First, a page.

Hans Knol ten Bensel      

We personally witnessed the unfolding of the Audi Quattro (Rally) Saga…

We were there: your servant in conversation with Michèle Mouton in Sankt Moritz, on December 8, 1982…

Your servant was already active as a freelance car journalist from the mid-seventies of last century, so we witnessed up close the birth of the Audi 5-cylinder engines and the (rally) cars powered by it were quite familiar. When we were telling you the long career of Audi’s 5 cylinder engine, we told you how your servant remembered a drive behind the wheel of the Audi 80 Quattro with this magnificent engine. Just look at our pages on this site, and more especially https://autoprova.be/2016/09/18/sweet-memories-our-drive-with-the-5-cylinder-audi-80-5e-quattro-in-sankt-moritz/

This memorable test drive of this Audi 80 5E Quattro took place in Sankt Moritz, on 8 and 9 December 1982. For the assembled international journalists, Audi had also organized a demonstration run with the Quattro Rally Cars, and had brought Michèle Mouton and Stig Blomquist to the venue.

You see me here chatting with Michèle Mouton before having a demo drive with her at the wheel in her Quattro Rally machine…

Sweet memories!

Hans Knol ten Bensel

My unforgettable drive with the Giulia Super over the Alps on the way to the Monza Grand Prix in September 1970…

Here I stand proudly as a 23 year old behind the driver’s door of the Alfa Giulia Super, with my nephew looking into the ravine of the Great Saint Bernard pass…

There are epic moments, already in the young life of a car enthusiast. I was barely 23 at the time, when I accompanied my father on a drive to attend the 1970 Monza Grand Prix. My father had a Olive Metallic Green 1,6 Giulia Super press test car for the occasion, and I have been smitten for Giulia’s and Alfa’s ever since, as the drive was so magnificent.

My father had his faithful Leicaflex with the 90 mm Summicon – R f 1:2  lens along, and this is the perfect camera to make impressive shots. You see them here.

My father and I had also taken my nephew along, and so we went on our drive, with me doing most of the driving, as my father found that I understood the car very well. Of course we were keen to let the Alfa perform. This meant cruising on  the German Autobahnen and the A27 through Switzerland and the Italian Autostradas at speeds between 150-160 km/h in fifth gear, when the law allowed it of course.

On our route, we decided not to take the Simplon Tunnel, but take the historic road winding over the Great St. Bernard pass itself, which lies a few hundred metres from the Swiss border with Italy, and is only passable from June to September.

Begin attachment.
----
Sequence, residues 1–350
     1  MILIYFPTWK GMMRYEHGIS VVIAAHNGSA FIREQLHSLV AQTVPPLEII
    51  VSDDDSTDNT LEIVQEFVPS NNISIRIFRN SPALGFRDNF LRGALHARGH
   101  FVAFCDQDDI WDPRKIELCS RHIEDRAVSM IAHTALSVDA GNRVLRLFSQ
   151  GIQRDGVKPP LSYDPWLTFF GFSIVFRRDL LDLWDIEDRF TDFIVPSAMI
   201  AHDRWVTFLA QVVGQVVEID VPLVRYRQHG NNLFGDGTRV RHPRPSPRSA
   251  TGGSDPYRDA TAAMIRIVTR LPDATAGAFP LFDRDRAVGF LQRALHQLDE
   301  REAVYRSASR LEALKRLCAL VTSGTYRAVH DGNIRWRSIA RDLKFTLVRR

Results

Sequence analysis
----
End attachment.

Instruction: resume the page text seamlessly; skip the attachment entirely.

Not only was the old classic pass road a dream for the Giulia, with its pleasantly short second and third gears, and I gladly helped the somewhat weaker synchromesh of the gearbox with expert double declutching. Descents were also epic, as this Giulia had already four disk brakes…

I still recall the eager sound and crisp exhaust roar of the 1,6 litre twin cam engine, and, as said, am totally smitten by Alfa’s ever since.

The Monza Grand Prix was rather dramatic. We arrived in Monza on the fifth of September, going down to the track after having got our press permits and parking voucher for our dear Alfa. Only to hear that Jochen Rindt had killed himself during the practice session on that day. He spun into the guardrails after a failure on his car’s brake shaft. He was killed owing to severe throat injuries caused by his seat belt. He was way ahead in points over the rest of the F1 field, so he became the only driver to be posthumously awarded the Formula One World Drivers’ Championship.

The Great Saint Bernard Pass was gruesome in winter, so prayer to our Lord was certainly appropriate…

We show you the photos, and dream away with you on the joys of holding the wheel of this magnificent four door Gran Turismo, which the Giulia was and still is right to this day…

Your servant would love to make a repeat edition of this drive on the Great Saint Bernard Pass with today’s Giulia… that would be truly great!

Hans Knol ten Bensel